When I started my fitness business 12 years ago as a solo at-home personal trainer, I so keenly remember sitting in my Volkswagen Jetta, looking down at a check I received from my first client and thinking to myself, “Wow, someone is actually paying me for doing this… and we haven’t even had one session yet!” The feeling was exhilarating. That same exhilaration lasted for the first few years of business. Possibilities seemed limitless, and taking actions and risks that felt like big leaps at the time, I took without fear of failure. Maybe it was because at that early point in my business it seemed like there was not as much to lose.

As my business grew, so did the stakes; especially once I opened a studio. Employees, payroll and staff management. Rent checks, landlord issues and facility management. Bigger marketing campaigns, greater expectation for sales and ongoing member management. Growing budgets, increased expenses and more complicated money management. What was once my simple, one-person operation with relatively simple management, became a far more complex web of management and challenges.

But as my business evolved and matured, those “big leaps” became more difficult for me to take. The stakes were much higher and there was much more to lose. As an entrepreneur, we’re often told by coaches, mentors and influential voices to “just take massive action,” because big risk yields big reward, right? While I know this has merit, instead of being excited about taking “massive action,” the thought would paralyze me to indecision and inaction.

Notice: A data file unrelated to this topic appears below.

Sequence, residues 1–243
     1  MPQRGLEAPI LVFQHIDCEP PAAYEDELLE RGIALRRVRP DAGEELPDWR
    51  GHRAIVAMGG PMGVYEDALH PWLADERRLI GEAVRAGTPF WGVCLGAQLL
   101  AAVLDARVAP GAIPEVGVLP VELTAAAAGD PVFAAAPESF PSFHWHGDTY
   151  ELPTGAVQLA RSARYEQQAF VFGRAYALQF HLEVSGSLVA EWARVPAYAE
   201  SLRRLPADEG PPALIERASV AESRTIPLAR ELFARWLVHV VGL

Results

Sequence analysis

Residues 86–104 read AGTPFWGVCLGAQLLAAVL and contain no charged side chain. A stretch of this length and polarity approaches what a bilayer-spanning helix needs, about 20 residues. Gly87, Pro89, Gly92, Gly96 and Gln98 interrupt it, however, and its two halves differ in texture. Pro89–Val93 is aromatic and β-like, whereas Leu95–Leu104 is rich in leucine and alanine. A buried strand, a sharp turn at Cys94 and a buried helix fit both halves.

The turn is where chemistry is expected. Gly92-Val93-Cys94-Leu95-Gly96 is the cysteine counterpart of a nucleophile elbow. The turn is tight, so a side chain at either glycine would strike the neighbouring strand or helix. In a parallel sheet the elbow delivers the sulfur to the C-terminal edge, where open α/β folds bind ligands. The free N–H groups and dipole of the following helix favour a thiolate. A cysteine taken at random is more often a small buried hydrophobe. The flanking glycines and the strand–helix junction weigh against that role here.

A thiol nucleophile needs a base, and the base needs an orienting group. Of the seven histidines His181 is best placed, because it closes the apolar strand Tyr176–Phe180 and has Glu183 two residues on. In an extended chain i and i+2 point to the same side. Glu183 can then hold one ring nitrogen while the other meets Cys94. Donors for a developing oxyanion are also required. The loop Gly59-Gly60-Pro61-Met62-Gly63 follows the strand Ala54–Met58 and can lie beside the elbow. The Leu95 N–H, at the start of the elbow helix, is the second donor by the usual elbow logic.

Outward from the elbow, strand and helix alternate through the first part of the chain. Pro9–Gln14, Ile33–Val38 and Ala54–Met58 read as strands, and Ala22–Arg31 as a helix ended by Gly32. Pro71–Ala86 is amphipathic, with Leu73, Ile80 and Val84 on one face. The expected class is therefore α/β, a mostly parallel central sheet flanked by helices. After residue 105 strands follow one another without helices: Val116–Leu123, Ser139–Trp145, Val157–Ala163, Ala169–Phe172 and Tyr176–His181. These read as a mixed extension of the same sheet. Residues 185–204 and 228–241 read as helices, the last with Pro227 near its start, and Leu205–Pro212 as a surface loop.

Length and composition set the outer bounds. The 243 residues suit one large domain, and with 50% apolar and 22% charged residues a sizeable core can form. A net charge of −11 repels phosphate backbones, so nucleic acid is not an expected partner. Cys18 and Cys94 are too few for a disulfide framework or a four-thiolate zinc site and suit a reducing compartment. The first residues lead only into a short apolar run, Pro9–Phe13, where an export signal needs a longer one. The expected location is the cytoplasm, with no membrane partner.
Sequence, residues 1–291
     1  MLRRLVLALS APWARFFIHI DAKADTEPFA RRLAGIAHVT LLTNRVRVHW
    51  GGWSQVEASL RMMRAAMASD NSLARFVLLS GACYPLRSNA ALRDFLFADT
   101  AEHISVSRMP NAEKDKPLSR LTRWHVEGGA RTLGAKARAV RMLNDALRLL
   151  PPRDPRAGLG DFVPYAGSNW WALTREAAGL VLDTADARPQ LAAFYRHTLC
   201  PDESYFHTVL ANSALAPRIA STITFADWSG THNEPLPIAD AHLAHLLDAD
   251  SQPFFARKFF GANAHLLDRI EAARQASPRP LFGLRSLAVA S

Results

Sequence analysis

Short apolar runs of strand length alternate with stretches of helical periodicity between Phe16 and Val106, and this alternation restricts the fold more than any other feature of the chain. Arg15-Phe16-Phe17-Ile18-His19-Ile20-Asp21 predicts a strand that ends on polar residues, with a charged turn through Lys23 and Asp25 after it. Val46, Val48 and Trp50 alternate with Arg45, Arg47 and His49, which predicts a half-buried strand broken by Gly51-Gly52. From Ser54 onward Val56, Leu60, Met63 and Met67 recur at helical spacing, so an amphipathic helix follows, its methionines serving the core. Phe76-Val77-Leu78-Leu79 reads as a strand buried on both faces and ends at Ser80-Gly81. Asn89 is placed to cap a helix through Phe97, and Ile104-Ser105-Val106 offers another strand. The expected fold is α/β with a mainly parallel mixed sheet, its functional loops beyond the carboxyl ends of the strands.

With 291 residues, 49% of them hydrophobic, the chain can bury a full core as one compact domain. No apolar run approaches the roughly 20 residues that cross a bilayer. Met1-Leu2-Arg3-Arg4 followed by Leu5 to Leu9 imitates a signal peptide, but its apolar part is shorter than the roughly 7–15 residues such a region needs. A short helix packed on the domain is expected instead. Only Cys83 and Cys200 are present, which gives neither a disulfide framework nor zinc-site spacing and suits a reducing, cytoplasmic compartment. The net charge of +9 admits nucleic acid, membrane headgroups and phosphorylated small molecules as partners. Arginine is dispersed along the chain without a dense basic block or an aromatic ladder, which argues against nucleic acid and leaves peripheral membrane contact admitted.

When I lifted the pressure of feeling as though I had to take big leaps of massive action in order to experience success, and stopped downplaying the importance of taking baby steps, I felt momentum immediately shift forward. And perhaps more importantly, that once exhilarating feeling I had from my “simple” business returned, and operating my “more complex” business felt a whole lot easier.

This issue is all about keeping your pace moving forward, whether you take big leaps or small baby steps:

- Joe Drake talks to us about the realities of business partners… the good and the bad and deciding if it’s a fit for you.

- Success in fitness can’t come without effective marketing and sales. Lynn Coffey and Mike Gelfgot share strategies for web marketing and overcoming prospect objections.

- Long-time PFP contributor and industry veteran Greg Justice shares a heartfelt tribute to the life and legacy of Fred “Dr. Squat” Hatfield in our Journey to Success profile.

As the leader of my business, taking baby steps toward a goal gets me there quicker than just thinking about taking big leaps. For others, big leaps are the preferred mode of attaining success. In the end, it doesn’t matter as long as you’re keeping pace and moving forward. Don’t we tell our clients the exact same thing?

Lindsay

P.S. Be sure to keep handy our annual Hot Companies section included with this issue as you plan for 2018. We’re featuring the best companies for equipment and services to help you prosper!

Follow  

What is your average annual income for your fitness-related work/business?